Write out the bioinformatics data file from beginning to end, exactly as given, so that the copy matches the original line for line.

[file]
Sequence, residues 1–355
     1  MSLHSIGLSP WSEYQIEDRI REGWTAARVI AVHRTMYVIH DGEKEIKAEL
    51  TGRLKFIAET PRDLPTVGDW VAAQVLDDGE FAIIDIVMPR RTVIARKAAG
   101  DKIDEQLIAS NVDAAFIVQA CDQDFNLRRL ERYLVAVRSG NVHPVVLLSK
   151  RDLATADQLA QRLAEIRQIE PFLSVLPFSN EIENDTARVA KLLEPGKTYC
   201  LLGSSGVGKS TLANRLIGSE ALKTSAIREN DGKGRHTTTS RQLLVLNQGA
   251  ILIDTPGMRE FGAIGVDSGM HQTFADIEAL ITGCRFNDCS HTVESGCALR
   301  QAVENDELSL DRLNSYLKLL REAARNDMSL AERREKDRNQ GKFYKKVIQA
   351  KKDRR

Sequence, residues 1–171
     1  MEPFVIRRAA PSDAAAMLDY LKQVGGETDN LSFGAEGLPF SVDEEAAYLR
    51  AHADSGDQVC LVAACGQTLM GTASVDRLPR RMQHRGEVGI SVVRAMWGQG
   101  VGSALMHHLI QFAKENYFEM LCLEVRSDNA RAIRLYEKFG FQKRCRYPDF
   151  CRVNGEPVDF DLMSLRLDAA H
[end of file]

Sequence, residues 1–355
     1  MSLHSIGLSP WSEYQIEDRI REGWTAARVI AVHRTMYVIH DGEKEIKAEL
    51  TGRLKFIAET PRDLPTVGDW VAAQVLDDGE FAIIDIVMPR RTVIARKAAG
   101  DKIDEQLIAS NVDAAFIVQA CDQDFNLRRL ERYLVAVRSG NVHPVVLLSK
   151  RDLATADQLA QRLAEIRQIE PFLSVLPFSN EIENDTARVA KLLEPGKTYC
   201  LLGSSGVGKS TLANRLIGSE ALKTSAIREN DGKGRHTTTS RQLLVLNQGA
   251  ILIDTPGMRE FGAIGVDSGM HQTFADIEAL ITGCRFNDCS HTVESGCALR
   301  QAVENDELSL DRLNSYLKLL REAARNDMSL AERREKDRNQ GKFYKKVIQA
   351  KKDRR

Sequence, residues 1–171
     1  MEPFVIRRAA PSDAAAMLDY LKQVGGETDN LSFGAEGLPF SVDEEAAYLR
    51  AHADSGDQVC LVAACGQTLM GTASVDRLPR RMQHRGEVGI SVVRAMWGQG
   101  VGSALMHHLI QFAKENYFEM LCLEVRSDNA RAIRLYEKFG FQKRCRYPDF
   151  CRVNGEPVDF DLMSLRLDAA H